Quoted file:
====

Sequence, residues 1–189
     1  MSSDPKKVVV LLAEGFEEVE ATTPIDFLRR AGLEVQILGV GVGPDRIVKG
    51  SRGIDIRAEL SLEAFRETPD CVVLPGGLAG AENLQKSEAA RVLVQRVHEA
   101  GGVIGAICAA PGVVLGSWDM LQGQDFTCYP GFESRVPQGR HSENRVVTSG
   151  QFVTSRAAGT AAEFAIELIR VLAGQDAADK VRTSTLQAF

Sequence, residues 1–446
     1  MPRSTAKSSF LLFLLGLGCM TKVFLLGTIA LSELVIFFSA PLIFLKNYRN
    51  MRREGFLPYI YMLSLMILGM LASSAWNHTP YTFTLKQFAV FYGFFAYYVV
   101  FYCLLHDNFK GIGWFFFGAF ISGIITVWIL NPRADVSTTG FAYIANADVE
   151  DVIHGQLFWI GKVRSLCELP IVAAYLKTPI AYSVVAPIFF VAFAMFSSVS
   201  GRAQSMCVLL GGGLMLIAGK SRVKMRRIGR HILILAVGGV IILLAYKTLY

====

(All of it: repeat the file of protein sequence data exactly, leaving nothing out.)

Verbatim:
Sequence, residues 1–189
     1  MSSDPKKVVV LLAEGFEEVE ATTPIDFLRR AGLEVQILGV GVGPDRIVKG
    51  SRGIDIRAEL SLEAFRETPD CVVLPGGLAG AENLQKSEAA RVLVQRVHEA
   101  GGVIGAICAA PGVVLGSWDM LQGQDFTCYP GFESRVPQGR HSENRVVTSG
   151  QFVTSRAAGT AAEFAIELIR VLAGQDAADK VRTSTLQAF

Sequence, residues 1–446
     1  MPRSTAKSSF LLFLLGLGCM TKVFLLGTIA LSELVIFFSA PLIFLKNYRN
    51  MRREGFLPYI YMLSLMILGM LASSAWNHTP YTFTLKQFAV FYGFFAYYVV
   101  FYCLLHDNFK GIGWFFFGAF ISGIITVWIL NPRADVSTTG FAYIANADVE
   151  DVIHGQLFWI GKVRSLCELP IVAAYLKTPI AYSVVAPIFF VAFAMFSSVS
   201  GRAQSMCVLL GGGLMLIAGK SRVKMRRIGR HILILAVGGV IILLAYKTLY